Henry Morrison Flagler is a Florida icon. More than anyone else, the oil and railroad tycoon is single-handedly responsible for the development of the great state we all know and love today. And while you probably see his name everywhere you travel in Florida, you might not be so familiar with his bio. Here’s a list of 11 interesting things you might not know about the father of Florida, Henry Flagler.

 

  • Flagler decided to leave the family farm in western New York at the age of 14 and go work with his half-brother, Daniel Harkness, in Ohio. He worked on a small boat to pay his way. During the rough three-day trip across Lake Erie to Sandusky, Flagler became very seasick and couldn’t wait to reach dry land.
  • Flagler experienced a horrible business failure during the Civil War years. He had started a salt mining business in Michigan with his brother-in-law in 1862. But the company collapsed when the ongoing conflict undercut demand for salt. Flagler ended up losing more than $100,000.
  • Flagler got to know John D. Rockefeller while working in the grain business. At the time, Rockefeller was a commission merchant in Cleveland who handled most of his company’s shipments. The friendship would greatly benefit Flagler a few years later when he moved to Cleveland.
  • Flagler became a partner in Rockefeller’s petroleum business in 1867. A couple years later, the two decided to incorporate their holdings in the Standard Oil Company. Rockefeller always credited Flagler with coming up with the idea of incorporation.
  • Flagler initially traveled to the Jacksonville area with his ailing first wife in the winter of 1878. Doctors had recommended the couple spend time in Florida because of its warm climate. On a second trip to the state, Flagler visited St. Augustine and was charmed by the city, but frustrated by the lack of amenities like hotels and transportation. Seeing Florida’s potential to attract tourists, Flagler decided to pour his oil fortune into the state’s development.
  • Flagler’s first major project in Florida was construction of the 540-room Hotel Ponce de Leon. Realizing the need for transportation to his new showplace, he started buying up existing railroads. This was the beginning of Flagler’s railroad and hotel empire.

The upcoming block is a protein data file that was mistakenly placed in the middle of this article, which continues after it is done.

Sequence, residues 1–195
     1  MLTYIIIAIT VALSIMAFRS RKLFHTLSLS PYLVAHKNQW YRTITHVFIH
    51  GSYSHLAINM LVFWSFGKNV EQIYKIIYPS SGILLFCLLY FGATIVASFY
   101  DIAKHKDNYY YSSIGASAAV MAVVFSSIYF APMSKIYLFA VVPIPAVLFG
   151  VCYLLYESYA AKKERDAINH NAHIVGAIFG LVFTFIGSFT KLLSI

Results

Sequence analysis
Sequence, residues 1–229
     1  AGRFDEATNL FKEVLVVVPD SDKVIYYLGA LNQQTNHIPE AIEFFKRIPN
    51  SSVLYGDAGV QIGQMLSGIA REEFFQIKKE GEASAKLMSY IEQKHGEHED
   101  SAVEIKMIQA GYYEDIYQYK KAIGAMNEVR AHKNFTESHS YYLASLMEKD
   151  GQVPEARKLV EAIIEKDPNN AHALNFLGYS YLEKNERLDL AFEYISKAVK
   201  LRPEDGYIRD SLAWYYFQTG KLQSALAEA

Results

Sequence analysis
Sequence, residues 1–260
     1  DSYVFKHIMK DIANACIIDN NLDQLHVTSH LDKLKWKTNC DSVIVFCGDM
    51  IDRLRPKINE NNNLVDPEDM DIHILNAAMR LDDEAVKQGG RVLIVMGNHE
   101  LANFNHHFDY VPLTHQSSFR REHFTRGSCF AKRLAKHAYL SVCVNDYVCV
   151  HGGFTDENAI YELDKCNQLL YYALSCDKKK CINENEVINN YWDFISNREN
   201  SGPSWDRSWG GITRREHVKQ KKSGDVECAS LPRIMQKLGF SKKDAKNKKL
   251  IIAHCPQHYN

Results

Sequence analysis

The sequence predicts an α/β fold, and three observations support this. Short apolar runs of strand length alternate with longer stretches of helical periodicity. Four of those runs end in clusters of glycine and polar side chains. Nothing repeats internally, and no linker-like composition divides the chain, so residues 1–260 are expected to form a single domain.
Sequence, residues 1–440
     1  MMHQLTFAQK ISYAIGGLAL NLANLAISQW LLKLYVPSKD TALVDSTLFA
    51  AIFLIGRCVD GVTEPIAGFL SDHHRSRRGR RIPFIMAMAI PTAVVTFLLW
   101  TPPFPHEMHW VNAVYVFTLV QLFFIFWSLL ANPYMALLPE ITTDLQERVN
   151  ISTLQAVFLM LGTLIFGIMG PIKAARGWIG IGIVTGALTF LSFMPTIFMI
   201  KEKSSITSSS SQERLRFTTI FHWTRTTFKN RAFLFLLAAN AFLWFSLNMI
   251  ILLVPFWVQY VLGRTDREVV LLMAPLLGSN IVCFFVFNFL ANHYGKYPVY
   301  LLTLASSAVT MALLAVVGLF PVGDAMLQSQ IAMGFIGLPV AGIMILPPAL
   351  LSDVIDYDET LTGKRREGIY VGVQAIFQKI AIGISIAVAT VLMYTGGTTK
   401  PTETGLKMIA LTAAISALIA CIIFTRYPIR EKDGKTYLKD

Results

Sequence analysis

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  • Flagler purchased the existing Hotel Ormond north of Daytona Beach and enlarged the property to accommodate 600 guests. It became known as one of the best-known hotels in the world and a playground for the rich and famous, including John D. Rockefeller. Hotel Ormond was razed in 1992. The only thing that remains is a rooftop cupola, which is now the centerpiece of a park overlooking the Halifax River.
  • Flagler’s southern expansion included two opulent hotels in Palm Beach, the Hotel Royal Poinciana and The Breakers. In 1897, Flagler opened his only hotel in Miami. The Royal Palm was a six-story rambling wood structure painted “Flagler Yellow,” and for many years, was the only reason for Miami’s existence. It was eventually deemed a fire hazard and demolished in 1930.
  • Flagler was responsible for building streets and instituting the first water and power systems in what is today Miami. He also financed the town’s first newspaper, the Metropolis. When the town incorporated in 1896, residents wanted to name the city after Flagler, but he persuaded them to use an old Indian name, Miama, for the settlement instead.
  • Flagler embarked on extending his railroad to Key West, Florida’s most populous city in the early 1900s. Known at the time as “Flagler’s Folly,” the Overseas Railroad encountered numerous construction delays including three hurricanes. The line eventually opened in 1912 and would later become the foundation for the Overseas Highway to Key West.

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  • Flagler built a 55-room mansion in Palm Beach that he dubbed Whitehall in 1901. He and his third wife used the Beaux Arts style showplace as their winter home and it rivaled the extravagant mansions in Newport, Rhode Island. In 1913, Flagler fell down a flight of marble stairs at Whitehall and never recovered from his injuries. He died on May 20th at the age of 83. He’s buried at the church he built in St. Augustine, Memorial Presbyterian.